Winter 2020-2021

Check back as we add more features and reviews in the next months!


The Human Journey: An Interview with Micheline Aharonian Marcom
Novelist Micheline Aharonian Marcom here discusses her latest book, The New American, which follows the epic story of a Guatemalan-American college student who attempts to return to California following his banal, but brutal, deportation.
Interviewed By Benjamin P. Davis

Words are the enemy of Writers: An Interview with Richard Kalich
Award-winning novelist Richard Kalich discusses his desire to fuse fiction and life in the accreting oeuvre of his work, including his latest novel, The Assisted Living Facility Library.
Interviewed by Brian Evenson


Pandemic Reflections on Beyond Your Doorstep by Hal Borland
As the pandemic forced everyone indoors last spring, one reader found himself drawn to earthy prose that offered an effective counterweight to the daily death tolls and global anxieties.
By John Toren


Wanting Everything: The Collected Works
Gladys Hindmarch
edited by Deanna Fong & Karis Shearer
This collection of published and unpublished works, interviews, and oral histories provides a remarkable testament to Hindmarch’s life and rootedness in the literary community of Vancouver British Columbia. Reviewed by Patrick James Dunagan


We Ride Upon Sticks
Quan Barry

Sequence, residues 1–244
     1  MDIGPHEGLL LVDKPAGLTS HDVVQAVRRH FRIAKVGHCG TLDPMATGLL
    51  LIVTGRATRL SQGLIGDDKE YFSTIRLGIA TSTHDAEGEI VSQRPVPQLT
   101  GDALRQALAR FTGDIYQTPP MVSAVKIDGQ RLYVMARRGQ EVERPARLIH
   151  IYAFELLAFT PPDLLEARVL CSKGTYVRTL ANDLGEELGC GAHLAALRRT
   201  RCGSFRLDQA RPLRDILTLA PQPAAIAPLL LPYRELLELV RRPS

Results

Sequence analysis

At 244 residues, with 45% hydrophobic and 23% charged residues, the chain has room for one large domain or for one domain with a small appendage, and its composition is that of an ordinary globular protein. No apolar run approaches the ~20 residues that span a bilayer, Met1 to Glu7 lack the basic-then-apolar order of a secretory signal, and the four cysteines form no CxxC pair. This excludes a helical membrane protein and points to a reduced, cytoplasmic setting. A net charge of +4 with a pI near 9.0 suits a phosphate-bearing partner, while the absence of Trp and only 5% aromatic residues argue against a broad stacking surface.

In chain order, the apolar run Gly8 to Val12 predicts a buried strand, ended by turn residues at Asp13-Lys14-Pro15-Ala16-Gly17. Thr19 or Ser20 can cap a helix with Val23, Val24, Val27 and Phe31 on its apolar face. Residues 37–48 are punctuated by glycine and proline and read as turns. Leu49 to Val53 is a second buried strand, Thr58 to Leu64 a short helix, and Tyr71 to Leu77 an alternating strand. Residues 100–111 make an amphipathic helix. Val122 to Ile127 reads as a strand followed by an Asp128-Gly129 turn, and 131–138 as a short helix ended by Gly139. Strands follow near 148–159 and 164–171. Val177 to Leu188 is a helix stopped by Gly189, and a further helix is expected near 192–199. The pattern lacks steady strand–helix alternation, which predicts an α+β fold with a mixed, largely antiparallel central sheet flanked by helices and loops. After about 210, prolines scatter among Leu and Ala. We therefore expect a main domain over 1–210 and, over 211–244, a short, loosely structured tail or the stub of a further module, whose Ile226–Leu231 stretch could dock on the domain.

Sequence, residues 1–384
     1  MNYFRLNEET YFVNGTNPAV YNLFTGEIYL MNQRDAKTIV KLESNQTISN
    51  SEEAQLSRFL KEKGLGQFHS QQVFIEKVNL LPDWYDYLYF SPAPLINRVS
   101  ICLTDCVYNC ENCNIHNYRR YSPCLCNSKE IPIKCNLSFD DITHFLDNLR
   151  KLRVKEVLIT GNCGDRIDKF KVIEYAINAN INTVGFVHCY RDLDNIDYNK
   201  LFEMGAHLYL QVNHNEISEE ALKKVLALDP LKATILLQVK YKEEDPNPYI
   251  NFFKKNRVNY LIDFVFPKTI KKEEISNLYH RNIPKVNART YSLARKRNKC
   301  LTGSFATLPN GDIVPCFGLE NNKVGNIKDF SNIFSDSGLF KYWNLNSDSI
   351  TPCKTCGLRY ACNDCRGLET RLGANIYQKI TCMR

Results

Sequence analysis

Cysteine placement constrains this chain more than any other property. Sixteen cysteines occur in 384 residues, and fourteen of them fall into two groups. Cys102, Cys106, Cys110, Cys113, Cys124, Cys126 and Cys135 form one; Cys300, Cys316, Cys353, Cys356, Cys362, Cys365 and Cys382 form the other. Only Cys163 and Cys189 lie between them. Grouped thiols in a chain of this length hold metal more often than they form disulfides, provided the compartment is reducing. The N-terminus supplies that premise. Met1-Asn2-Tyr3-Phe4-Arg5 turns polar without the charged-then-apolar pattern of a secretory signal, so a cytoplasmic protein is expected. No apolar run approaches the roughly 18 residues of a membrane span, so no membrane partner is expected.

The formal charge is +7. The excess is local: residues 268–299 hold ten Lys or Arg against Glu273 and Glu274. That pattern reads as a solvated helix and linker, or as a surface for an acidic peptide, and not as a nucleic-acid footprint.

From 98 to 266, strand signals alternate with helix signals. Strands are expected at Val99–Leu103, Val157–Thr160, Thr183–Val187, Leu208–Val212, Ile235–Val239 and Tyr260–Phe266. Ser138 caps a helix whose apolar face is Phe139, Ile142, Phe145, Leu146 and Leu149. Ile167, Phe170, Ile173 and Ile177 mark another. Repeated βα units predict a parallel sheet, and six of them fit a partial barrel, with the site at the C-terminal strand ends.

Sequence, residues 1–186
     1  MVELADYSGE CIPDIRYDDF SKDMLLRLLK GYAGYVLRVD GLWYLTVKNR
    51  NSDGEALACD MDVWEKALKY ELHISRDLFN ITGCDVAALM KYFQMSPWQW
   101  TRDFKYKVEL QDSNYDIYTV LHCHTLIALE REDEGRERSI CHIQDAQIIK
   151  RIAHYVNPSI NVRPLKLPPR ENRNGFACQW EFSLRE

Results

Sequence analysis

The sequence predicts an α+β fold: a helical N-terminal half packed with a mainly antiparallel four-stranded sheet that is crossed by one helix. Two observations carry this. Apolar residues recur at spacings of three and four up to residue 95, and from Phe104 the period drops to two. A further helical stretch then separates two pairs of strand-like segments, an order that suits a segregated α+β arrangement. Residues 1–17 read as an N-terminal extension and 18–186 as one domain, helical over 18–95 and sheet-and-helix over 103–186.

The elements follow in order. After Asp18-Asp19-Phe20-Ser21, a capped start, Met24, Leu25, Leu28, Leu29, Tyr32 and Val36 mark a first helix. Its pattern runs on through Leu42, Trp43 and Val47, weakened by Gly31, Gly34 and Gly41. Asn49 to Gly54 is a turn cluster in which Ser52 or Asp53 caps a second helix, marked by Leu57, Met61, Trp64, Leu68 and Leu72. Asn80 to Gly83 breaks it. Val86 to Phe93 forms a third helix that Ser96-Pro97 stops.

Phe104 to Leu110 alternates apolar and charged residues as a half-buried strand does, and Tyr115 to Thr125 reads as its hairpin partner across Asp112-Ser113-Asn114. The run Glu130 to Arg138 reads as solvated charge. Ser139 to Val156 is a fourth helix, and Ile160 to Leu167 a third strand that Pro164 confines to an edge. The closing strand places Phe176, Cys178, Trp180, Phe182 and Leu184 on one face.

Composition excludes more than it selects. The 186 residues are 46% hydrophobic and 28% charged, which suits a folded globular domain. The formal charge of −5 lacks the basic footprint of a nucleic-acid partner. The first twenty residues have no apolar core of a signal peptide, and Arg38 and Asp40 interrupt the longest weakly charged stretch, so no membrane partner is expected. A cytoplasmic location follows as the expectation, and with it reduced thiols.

In her new novel, Quan Barry seamlessly fuses two topics that seemingly couldn’t be further apart: witchcraft and women’s field hockey. Reviewed by Jaime Miller

The Girl from Widow Hills
Megan Miranda
Megan Miranda’s fourth novel for adults is another insightful, literary, and suspenseful mystery, inspired by the story of “Baby Jessica,” who survived falling down a well in 1987. Reviewed by Erin Lewenauer


Prairie Architecture
Monica Barron
The first collection from a seasoned poet of place, Monica Barron’s Prairie Architecture embodies the rural Missouri college town where she teaches. Reviewed by Andy Harper

Stranger by Night
Edward Hirsch
In his tenth volume of poems, the 70-year-old Hirsch navigates a personal history, recalling forebears, friends, and lovers, as well as the ever-present reminder of mortality. Reviewed by Bhisham Bherwani


Faster: How a Jewish Driver, an American Heiress, and a Legendary Car Beat Hitler's Best
Neal Bascomb
A tribute to the power of stories and remembering, Faster argues for the symbolic importance of the underdogs beating their Nazi-backed competitors in the 1938 Pau Grand Prix. Reviewed by Samir Knego

Begin Again: James Baldwin’s America and its Urgent Lessons for Our Own
Eddie S. Glaude Jr.
Weaving Baldwin’s story with his own, Glaude has constructed a narrative of psychic anguish and the heroic resistance of the heart, issuing a piercing call to the American conscience. Reviewed by Mike Dillon